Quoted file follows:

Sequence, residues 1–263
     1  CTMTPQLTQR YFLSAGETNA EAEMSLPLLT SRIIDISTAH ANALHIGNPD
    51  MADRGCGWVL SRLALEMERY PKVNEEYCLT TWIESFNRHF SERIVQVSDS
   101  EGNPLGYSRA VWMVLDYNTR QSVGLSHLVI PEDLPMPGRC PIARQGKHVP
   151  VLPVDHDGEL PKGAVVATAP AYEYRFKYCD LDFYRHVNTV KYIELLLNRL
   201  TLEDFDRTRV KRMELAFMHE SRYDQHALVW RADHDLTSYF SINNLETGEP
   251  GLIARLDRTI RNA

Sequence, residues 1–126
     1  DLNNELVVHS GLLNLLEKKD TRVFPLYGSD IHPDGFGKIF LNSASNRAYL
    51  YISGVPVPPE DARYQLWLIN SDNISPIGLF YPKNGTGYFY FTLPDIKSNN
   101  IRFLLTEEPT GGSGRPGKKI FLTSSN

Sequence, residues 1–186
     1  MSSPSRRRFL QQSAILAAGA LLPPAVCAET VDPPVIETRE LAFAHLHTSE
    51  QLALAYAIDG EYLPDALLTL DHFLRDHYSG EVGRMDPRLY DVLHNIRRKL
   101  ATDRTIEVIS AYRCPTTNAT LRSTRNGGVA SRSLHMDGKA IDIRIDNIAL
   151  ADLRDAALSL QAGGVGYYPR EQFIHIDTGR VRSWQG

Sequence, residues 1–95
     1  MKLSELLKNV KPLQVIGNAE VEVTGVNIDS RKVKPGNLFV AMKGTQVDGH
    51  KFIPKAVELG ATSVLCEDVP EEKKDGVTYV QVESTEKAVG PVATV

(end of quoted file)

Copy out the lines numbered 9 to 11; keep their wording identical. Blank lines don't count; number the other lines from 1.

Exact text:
     1  DLNNELVVHS GLLNLLEKKD TRVFPLYGSD IHPDGFGKIF LNSASNRAYL
    51  YISGVPVPPE DARYQLWLIN SDNISPIGLF YPKNGTGYFY FTLPDIKSNN
   101  IRFLLTEEPT GGSGRPGKKI FLTSSN